Only the NRP Afonso de Albuquerque in Goa and the patrol craft Vega in Diu saw action against the Indian Navy, the patrol craft Sirius was rendered unusable, and the Anthares escaped from Damão to Karachi. The Afonso de Albuquerque was severely damaged during combat, yet it inflicted damage on two of the four Indian frigates that were firing on it. The battle ended after the sloop was beached and ran out of munitions, having fired over 400 rounds at the invading fleet. 5 Portuguese personnel were killed and 13, including the ship's captain, were wounded in the action.[4] In the defence of Diu, the Vega with a crew of 6, confronted the INS New Delhi, a battle cruiser with over 1200 crew, plus various attacks from Indian Air Force Canberra jet bombers using its sole machine-gun for defence. The captain and a sailor were killed after various strikes from the Indian Canberras.

Colonial War

Portuguese paratroopers beeing launched from an Air Force' helicopter in Angola during the Colonial War.

The Portuguese Colonial War (Guerra Colonial), also known as Overseas War (Ultramar) in Portugal or in the former colonies as War of liberation (Guerra de Libertação), was fought between Portugal's military and the emerging nationalist movements in Portugal's African colonies between 1961 and 1974. It was a decisive ideological struggle and armed conflict of the cold war in African (Portuguese Africa and surrounding nations) and European (mainland Portugal) scenarios. Unlike other European nations, the Portuguese regime did not leave its African colonies or the overseas provinces (províncias ultramarinas), during the 1950s and 1960s. It was during this period that various armed independence movements, most prominently led by communist parties who cooperated under the CONCP umbrella and pro US groups, became active in these areas, most notably in Angola, Mozambique and Portuguese Guinea. The war would end when Portuguese junior military officers overthrew the regime in a bloodless coup. This later led to the independence of all Portuguese colonies.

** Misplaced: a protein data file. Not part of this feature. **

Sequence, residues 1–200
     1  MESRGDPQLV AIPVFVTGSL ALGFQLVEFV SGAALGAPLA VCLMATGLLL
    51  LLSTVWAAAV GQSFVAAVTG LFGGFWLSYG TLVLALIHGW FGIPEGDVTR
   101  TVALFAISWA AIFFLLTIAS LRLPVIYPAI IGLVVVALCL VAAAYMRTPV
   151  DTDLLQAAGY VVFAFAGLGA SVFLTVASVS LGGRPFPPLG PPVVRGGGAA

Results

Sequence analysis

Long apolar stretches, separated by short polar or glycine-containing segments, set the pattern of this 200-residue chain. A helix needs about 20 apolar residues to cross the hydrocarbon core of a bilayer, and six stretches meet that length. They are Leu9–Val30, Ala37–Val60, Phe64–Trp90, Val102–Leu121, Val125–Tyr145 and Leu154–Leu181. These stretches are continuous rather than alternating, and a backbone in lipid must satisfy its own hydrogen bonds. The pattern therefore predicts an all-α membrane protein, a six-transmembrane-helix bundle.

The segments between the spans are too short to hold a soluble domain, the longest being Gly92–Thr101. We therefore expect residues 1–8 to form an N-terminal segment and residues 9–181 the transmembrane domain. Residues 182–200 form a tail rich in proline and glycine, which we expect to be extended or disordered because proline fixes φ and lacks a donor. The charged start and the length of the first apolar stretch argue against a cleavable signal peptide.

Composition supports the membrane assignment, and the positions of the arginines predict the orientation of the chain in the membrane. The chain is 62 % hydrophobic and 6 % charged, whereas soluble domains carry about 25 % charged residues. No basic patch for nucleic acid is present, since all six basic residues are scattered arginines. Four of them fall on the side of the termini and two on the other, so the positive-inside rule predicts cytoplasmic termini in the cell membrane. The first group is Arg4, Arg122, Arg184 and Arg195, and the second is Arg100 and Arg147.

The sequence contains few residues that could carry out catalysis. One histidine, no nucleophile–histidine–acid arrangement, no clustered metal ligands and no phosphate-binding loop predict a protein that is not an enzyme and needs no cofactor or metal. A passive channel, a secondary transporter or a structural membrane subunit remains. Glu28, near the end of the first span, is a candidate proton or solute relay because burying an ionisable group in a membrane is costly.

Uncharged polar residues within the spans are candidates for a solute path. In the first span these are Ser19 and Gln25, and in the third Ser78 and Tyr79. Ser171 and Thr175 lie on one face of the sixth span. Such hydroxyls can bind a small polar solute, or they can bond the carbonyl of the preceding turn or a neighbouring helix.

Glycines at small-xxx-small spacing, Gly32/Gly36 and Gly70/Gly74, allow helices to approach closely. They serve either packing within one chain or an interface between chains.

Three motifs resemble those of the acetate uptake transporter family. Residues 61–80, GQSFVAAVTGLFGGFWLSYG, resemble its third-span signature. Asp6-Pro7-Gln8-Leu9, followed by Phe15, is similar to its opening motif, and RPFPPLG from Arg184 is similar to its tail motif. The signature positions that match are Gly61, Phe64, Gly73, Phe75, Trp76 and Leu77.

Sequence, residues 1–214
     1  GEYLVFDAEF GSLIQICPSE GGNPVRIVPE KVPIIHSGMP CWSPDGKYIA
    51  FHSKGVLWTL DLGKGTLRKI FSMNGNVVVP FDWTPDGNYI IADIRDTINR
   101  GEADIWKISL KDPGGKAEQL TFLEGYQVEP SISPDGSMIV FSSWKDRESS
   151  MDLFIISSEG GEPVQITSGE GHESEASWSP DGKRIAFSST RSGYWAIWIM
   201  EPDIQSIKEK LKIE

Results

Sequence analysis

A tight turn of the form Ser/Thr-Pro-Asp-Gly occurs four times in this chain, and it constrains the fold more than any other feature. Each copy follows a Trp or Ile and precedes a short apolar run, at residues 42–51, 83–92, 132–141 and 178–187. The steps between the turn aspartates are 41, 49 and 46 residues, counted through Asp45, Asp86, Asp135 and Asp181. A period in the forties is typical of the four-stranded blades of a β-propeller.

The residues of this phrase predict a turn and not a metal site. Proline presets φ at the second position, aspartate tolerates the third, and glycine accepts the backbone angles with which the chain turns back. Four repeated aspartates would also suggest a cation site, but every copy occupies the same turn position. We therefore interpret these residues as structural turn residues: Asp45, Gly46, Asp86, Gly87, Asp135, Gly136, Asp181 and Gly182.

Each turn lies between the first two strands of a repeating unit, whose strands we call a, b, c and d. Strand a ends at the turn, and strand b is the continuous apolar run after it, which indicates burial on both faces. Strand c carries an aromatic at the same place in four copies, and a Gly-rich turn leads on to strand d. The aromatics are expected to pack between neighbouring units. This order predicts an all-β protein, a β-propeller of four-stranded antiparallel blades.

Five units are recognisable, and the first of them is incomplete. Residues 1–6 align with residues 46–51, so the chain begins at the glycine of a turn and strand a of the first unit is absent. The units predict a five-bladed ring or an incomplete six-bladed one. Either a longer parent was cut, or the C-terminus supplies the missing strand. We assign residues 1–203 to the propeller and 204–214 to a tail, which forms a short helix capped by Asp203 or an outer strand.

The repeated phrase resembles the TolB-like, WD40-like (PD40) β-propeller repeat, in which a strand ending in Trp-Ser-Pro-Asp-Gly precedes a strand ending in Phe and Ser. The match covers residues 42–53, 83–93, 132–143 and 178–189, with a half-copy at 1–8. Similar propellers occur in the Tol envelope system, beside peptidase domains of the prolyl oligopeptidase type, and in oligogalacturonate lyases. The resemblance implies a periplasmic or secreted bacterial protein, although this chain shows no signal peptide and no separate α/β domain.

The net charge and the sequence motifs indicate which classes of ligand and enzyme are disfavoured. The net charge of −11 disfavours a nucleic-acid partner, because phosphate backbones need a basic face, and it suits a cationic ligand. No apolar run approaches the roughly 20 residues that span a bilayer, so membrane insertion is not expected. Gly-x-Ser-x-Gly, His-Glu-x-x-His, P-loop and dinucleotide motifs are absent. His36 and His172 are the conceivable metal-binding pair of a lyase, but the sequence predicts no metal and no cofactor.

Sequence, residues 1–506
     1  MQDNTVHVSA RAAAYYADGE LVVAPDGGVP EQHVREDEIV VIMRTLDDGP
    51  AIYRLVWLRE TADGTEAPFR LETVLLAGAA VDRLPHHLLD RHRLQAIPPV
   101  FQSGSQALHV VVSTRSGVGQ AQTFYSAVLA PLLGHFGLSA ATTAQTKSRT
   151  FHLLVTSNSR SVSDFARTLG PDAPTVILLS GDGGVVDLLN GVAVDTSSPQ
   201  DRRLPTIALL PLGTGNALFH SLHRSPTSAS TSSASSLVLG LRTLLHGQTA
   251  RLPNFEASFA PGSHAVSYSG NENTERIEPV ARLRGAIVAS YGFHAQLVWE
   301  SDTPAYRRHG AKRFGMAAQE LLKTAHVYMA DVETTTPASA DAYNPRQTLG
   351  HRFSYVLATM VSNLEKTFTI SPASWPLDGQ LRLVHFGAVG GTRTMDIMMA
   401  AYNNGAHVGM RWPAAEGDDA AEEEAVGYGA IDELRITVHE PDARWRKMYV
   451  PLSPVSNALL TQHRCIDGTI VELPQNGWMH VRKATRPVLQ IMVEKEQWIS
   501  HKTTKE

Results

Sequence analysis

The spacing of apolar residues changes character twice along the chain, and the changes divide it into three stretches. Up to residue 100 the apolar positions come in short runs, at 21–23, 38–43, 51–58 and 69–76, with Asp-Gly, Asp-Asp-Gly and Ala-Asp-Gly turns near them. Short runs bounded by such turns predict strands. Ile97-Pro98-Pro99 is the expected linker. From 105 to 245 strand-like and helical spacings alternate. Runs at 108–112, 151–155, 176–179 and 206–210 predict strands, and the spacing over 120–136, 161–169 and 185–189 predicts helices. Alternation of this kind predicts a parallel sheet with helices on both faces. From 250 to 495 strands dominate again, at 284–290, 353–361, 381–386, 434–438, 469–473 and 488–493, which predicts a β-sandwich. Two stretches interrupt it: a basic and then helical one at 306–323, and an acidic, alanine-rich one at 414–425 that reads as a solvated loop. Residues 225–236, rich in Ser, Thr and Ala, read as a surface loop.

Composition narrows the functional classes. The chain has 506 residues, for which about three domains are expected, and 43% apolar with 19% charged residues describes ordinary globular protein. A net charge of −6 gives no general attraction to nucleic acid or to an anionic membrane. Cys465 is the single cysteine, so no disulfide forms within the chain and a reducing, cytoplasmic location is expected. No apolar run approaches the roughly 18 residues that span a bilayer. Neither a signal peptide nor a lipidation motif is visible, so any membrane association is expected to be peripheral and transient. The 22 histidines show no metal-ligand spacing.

Portuguese armed forces were stationed in Macau until 1974, although Macau remained under Portuguese administration until 1999.

Recent History

Army Chaimite armoured vehicles in Bosnia.
Portuguese Navy' NRP Bartolomeu Dias frigate.

After the conturbed transition period between 1974 and 1975, Portugal became a democratic state. Reforms on the military structure would then start to ensure it would meet the requirements for a possible Cold War conflict.

Between 1975 and 2007 several major changes were made. A Defense Ministry was created which would be in charge of the three military branches although officially the President of Portugal would be the Supreme Commander of the Armed Forces. Many units were disbanded with the end of the colonial war (mainly Infantry) since high manpower was no longer needed and the counter-guerrilla doctrine would change to a more conventional one. The conscription for the Army and for the Navy ended in 2004 while the Air Force was professionalized a while before.